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VPN File Sharing Problems

Discussion in 'Cisco Small Business Routers and VPN Solutions' started by compdocs, May 26, 2006.

  1. compdocs

    compdocs LI Guru Member

    I am setting up an RV042 router in a warehouse which is directly connected to my DSL modem, with a STATIC IP. A switch is connected to my RV042, which currently has one lonely workstation on the other end.

    I am trying to establish a VPN connection into the RV042 from a remote location in an attempt to have central access to a Quickbooks database.

    The RV042 has the most up to date firmware. I am trying to connect using PPTP using Windows clients. I have configured both PPTP clients and VPN Client Access for QuickVPN.

    I am able to establish a connection using BOTH, PPTP & QuickVPN. I am able to ping both sides of my network, FROM both sides of my network. . .including routers, workstations, etc.

    My problem rests with me not being able to connect to any of my shared files on any computer attached to the network., in either direction. I have disabled ALL firewalls, including Windows firewalls, and router firewalls on both sides.

    Quick notes:

    - Different subnets on each side (192.168.1.x & 192.168.2.1)

    - QuickVPN & PPTP connections establish perfectly

    - Able to ping workstations from both ways, to both ways

    - All firewalls disabled

    - Latest & Greatest firmware (1.3.7.4)

    Hopefully someone has some advice for this dilemma!
     
  2. TazUk

    TazUk Network Guru Member

    Does accessing it via it's IP not work, i.e. \\192.168.1.100\share_name ?
     
  3. compdocs

    compdocs LI Guru Member

    It's crazy that you responded so quickly. . . .and what's crazier, is that I have been trying to access it in that fashion this whole time, and now. . . it just worked. I have no idea why. . . how frustrating, yet relieving is that?
     
  4. YeOldeStonecat

    YeOldeStonecat Network Guru Member

    Don't rely on netbios names. If you NEED to use netbios name..you can edit your host file, but if you need to access a share on a PC, when doing VPNs..without a DNS server or WINS server to resolve netbios names across networks...well...lets just say netbios with peer to peer networks (no domain controller) takes some work.

    instead...just use IP addresses. Click on Start==>Run \\192.168.1.11\quicken

    where you'd substitute the IP address of your Quicken host machine in there...and assuming you shared out the Quicken folder under that name.

    However...next point...you'll find most programs run agonizingly slow through a skinny VPN connection. Quicken will corrupt on you over time with that thin of a connection also. Tis much better to use remote desktop. Hopefully you host computer is Windows XP professional. If not..and if you plan on remoting in often..I highly recommend you spend the hundge something and upgrade your OS to XP Pro.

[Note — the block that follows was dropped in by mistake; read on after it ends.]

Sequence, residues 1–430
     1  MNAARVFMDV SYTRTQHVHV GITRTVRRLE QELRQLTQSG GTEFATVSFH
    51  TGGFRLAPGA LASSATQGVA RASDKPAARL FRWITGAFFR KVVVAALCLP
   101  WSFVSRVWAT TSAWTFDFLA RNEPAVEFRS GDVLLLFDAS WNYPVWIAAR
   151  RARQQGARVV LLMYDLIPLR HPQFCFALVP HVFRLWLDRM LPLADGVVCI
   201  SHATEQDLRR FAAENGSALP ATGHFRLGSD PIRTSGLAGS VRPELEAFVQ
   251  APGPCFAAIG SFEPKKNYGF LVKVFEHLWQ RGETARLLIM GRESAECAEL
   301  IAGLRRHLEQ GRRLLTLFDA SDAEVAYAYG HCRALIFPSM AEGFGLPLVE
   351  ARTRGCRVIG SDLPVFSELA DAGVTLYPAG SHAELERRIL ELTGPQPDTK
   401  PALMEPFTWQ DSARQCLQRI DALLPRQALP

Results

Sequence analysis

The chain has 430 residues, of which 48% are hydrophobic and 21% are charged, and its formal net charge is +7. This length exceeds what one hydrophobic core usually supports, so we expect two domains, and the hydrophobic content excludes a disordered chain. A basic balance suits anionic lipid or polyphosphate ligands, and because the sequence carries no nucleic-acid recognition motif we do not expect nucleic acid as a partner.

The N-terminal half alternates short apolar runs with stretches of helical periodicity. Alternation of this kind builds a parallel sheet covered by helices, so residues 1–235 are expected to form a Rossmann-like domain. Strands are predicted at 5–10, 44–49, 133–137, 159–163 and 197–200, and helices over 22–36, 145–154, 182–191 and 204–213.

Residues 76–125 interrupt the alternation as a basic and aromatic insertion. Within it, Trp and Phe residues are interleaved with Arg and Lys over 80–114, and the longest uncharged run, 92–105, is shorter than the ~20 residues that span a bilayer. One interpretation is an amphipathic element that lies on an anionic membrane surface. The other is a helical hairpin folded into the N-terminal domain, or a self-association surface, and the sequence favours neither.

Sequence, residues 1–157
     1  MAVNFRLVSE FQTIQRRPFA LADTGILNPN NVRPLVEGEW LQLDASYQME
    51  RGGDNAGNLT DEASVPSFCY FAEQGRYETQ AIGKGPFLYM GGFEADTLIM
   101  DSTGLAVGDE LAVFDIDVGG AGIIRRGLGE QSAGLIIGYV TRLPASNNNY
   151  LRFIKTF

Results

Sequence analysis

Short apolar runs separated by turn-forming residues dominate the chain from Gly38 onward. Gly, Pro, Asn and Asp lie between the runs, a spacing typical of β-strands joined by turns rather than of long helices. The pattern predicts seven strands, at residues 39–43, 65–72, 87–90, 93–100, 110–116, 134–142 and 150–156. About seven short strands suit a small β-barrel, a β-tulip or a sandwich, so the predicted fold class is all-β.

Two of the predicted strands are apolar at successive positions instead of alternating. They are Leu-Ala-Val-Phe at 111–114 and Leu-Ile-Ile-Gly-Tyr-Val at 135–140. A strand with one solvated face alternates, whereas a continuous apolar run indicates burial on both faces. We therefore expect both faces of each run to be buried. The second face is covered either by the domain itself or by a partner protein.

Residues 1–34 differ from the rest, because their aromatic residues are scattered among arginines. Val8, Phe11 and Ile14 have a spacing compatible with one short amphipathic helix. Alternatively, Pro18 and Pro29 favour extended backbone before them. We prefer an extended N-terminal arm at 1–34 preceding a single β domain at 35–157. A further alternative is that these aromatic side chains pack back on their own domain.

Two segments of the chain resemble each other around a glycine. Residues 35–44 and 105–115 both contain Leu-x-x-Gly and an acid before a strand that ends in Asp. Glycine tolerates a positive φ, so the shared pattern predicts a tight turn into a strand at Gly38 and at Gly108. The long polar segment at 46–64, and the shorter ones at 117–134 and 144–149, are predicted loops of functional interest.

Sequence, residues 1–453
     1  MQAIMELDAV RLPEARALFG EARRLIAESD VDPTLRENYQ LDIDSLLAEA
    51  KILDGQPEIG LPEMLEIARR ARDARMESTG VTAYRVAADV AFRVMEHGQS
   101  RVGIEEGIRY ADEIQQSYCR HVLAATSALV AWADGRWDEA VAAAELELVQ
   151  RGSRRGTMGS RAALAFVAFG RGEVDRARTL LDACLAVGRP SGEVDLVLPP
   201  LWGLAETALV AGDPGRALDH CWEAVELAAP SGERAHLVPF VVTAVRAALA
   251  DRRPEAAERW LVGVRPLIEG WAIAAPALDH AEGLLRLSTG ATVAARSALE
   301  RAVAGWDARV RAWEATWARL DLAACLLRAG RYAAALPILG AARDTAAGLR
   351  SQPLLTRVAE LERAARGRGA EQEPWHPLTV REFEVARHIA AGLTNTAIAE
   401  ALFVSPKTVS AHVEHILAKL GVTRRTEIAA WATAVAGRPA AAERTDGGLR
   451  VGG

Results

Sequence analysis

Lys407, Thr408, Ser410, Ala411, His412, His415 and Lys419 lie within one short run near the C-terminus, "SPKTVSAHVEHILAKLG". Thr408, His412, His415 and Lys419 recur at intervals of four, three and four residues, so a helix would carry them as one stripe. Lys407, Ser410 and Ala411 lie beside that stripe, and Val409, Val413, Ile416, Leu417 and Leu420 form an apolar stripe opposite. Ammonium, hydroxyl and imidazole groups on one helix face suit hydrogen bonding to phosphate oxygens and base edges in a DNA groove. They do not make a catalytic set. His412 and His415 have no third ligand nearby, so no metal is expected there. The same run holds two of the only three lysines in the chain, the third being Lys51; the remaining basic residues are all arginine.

Various flavors of VNC, my favorite is UltraVNC, will work for light use...but the keystrokes lag is quite a bit more..Remote Desktop Connection in XP is a far more pleasant work experience..it almost feels like you are in front of the actual machine.
     
  5. compdocs

    compdocs LI Guru Member

    How would I be able to have it lookup by the actual computer name? \\computername\sharefolder ? it still doesn't want to do it that way
     
  6. YeOldeStonecat

    YeOldeStonecat Network Guru Member

    To access it via computer name..you need name resolution. For name resolution..you need netbios. Won't want to flow over a VPN. If you had a domain controller on the main site..you could query that for your DNS.

    For peer to peers..you'll want to set your host machines on a static LAN IP..then you'll want to edit you hosts file...
    IP address <tab> computername

    Located in
    C:\WINDOWS\system32\drivers\etc
    Edit it with notepad
     
  7. TazUk

    TazUk Network Guru Member

    You'll want to add it into the LMHOSTS file as well ;)
     
  8. YeOldeStonecat

    YeOldeStonecat Network Guru Member

    You don't necessarily need both. I pretty much just use hosts file these days..since Windows 2000 came out..as it's more DNS. lmhosts was more of a poor mans WINS..and Win9X leaned on WINS first. But 2K/XP lean on DNS first.

    Certainly harmless, as long as you have no typos, to toss an entry in each though.

    Neither are needed if you do the IP approach, or better yet...Remote Desktop Client approach.
     
  9. TazUk

    TazUk Network Guru Member

    I thought NetBIOS used the LMHOSTS files to resolve names whereas SMB would use the HOSTS file :unsure:
     
  10. YeOldeStonecat

    YeOldeStonecat Network Guru Member

    The way I look at it..lmhosts is a poor mans WINS...used it back in the days of Win9X clients when a WINS server wasn't on the network.

    Win2K and up...turned to DNS for local name resolution, associated more with the hosts file.

    Either will do the job..not really any right or wrong to it.
     

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